Special Issue "Nanostructured Materials for Chemical Sensing Applications"
A special issue of Materials (ISSN 1996-1944).
Deadline for manuscript submissions: closed (31 August 2015)
Over the last few decades, materials researchers have focused their attention and research efforts on developing materials for chemical sensing applications.
Chemical sensing is strategic for different applications, such as in the realms of human health, food security, and sustainability. Cutting edge research on sensing at the nanoscale level may lead to the innovations that are necessary for overcoming the drawbacks of commercial devices.
A huge variety of devices have been developed, mainly via: an empirical approach, a lot of basic theoretical research, and spectroscopy studies. These studies have been carried out to improve the well known ‘‘3's” of a gas sensor: sensitivity, selectivity, and stability. Advances in fabrication technologies allow the preparation of different materials on almost every possible substrate, thus expanding the resulting sensors' potential markets. Significant progress has been made in our understanding of: (1) the fundamentals concerning the interplay between bulk and surface properties; (2) sensing mechanisms in chemical sensors; and (3) chemical sensor development as real world sensing platforms.
This Special Issue mainly focuses on presenting a comprehensive overview of the new developments in the field, specifically with regard to the promising approaches that will contribute to the further development of this field. Recent advances in science and technology will be addressed, including fabrication techniques, growth mechanisms of novel high-performance materials with improved sensing properties, and advanced processing technologies. Sophisticated examples of successful applications of these materials, as chemical sensors, will also be provided. Moreover, the Special Issue will point out the critical steps involved in applications in real environments.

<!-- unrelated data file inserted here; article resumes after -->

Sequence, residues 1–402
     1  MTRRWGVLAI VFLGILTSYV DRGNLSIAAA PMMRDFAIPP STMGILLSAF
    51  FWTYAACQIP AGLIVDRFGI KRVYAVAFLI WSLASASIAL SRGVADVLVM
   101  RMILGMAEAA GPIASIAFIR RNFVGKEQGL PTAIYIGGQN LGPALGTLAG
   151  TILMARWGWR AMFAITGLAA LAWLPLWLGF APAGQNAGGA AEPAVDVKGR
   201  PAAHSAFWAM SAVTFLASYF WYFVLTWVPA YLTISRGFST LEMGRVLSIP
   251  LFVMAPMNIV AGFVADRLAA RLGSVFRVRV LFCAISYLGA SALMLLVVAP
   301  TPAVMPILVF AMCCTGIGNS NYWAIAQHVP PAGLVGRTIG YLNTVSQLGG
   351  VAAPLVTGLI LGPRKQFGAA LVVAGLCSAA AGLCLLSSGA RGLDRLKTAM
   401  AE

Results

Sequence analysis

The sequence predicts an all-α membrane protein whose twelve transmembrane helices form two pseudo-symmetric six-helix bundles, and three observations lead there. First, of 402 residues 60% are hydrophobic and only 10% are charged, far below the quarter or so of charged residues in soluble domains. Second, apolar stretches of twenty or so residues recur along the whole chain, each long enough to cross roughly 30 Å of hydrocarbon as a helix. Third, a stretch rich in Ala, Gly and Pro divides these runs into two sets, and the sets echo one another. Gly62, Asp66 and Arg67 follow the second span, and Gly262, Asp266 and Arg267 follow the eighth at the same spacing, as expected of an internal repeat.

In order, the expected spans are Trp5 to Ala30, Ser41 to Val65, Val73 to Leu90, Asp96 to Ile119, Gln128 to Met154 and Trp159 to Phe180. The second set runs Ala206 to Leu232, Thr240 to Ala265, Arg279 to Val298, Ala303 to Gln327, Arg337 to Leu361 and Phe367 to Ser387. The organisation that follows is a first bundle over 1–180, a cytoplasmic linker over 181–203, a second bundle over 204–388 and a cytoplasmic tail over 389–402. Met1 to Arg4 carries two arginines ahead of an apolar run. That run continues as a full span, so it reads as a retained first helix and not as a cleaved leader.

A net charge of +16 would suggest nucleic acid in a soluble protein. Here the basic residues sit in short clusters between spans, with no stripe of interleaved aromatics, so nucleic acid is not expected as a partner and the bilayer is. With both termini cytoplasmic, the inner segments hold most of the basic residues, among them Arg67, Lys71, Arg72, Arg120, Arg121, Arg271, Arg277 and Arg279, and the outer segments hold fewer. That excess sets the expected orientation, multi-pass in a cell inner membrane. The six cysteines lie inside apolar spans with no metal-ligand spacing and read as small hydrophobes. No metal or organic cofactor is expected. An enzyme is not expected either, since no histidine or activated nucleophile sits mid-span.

We invite you to submit a manuscript for this Special Issue. Full papers, communications, and reviews are all welcome.
Prof. Elisabetta Comini
Dr. Dario Zappa
The following are the major items this Special Issue concerns itself with. The Special Issue intends to bring together manuscripts from leading experts in nanomaterials and chemical sensors, so as to highlight the forefront of research and steer future research directions.
Manuscript Submission Information
Manuscripts should be submitted online at www.mdpi.com by registering and logging in to this website. Once you are registered, click here to go to the submission form. Manuscripts can be submitted until the deadline. All papers will be peer-reviewed. Accepted papers will be published continuously in the journal (as soon as accepted) and will be listed together on the special issue website. Research articles, review articles as well as short communications are invited. For planned papers, a title and short abstract (about 100 words) can be sent to the Editorial Office for announcement on this website.
Submitted manuscripts should not have been published previously, nor be under consideration for publication elsewhere (except conference proceedings papers). All manuscripts are thoroughly refereed through a single-blind peer-review process. A guide for authors and other relevant information for submission of manuscripts is available on the Instructions for Authors page. Materials is an international peer-reviewed open access semimonthly journal published by MDPI.
Please visit the Instructions for Authors page before submitting a manuscript. The Article Processing Charge (APC) for publication in this open access journal is 1800 CHF (Swiss Francs). Submitted papers should be well formatted and use good English. Authors may use MDPI's English editing service prior to publication or during author revisions.
- chemical and gas sensors
- inorganic materials
- organic materials
- interaction of inorganic and organic materials in composite
- metal oxide nanowires
- synthesis and characterization of gas sensing materials
- gas-nanomaterial interactions
- nanotechnology for sensors
- applications (automotive, medical, environmental monitoring…)